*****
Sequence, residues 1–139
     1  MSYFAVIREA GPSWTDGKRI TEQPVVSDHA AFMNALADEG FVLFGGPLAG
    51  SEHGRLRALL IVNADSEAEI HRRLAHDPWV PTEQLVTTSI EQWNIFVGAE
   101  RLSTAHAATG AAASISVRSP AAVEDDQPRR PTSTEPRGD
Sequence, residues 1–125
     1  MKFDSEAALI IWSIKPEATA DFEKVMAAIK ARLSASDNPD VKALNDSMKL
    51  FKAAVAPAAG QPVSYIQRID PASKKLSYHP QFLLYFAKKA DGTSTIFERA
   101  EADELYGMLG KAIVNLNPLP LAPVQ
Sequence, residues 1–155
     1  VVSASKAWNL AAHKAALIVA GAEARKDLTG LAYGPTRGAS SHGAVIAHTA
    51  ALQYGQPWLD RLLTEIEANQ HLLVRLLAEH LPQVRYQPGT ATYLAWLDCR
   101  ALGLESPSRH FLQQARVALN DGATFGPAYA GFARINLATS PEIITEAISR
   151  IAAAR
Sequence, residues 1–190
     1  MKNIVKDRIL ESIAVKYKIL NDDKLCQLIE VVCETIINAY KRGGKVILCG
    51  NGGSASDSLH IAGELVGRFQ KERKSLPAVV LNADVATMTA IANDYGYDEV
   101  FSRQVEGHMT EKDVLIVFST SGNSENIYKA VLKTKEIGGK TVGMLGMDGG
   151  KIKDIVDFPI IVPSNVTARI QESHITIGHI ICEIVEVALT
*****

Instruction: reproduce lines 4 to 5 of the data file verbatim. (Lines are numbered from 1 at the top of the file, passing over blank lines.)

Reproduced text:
   101  RLSTAHAATG AAASISVRSP AAVEDDQPRR PTSTEPRGD
Sequence, residues 1–125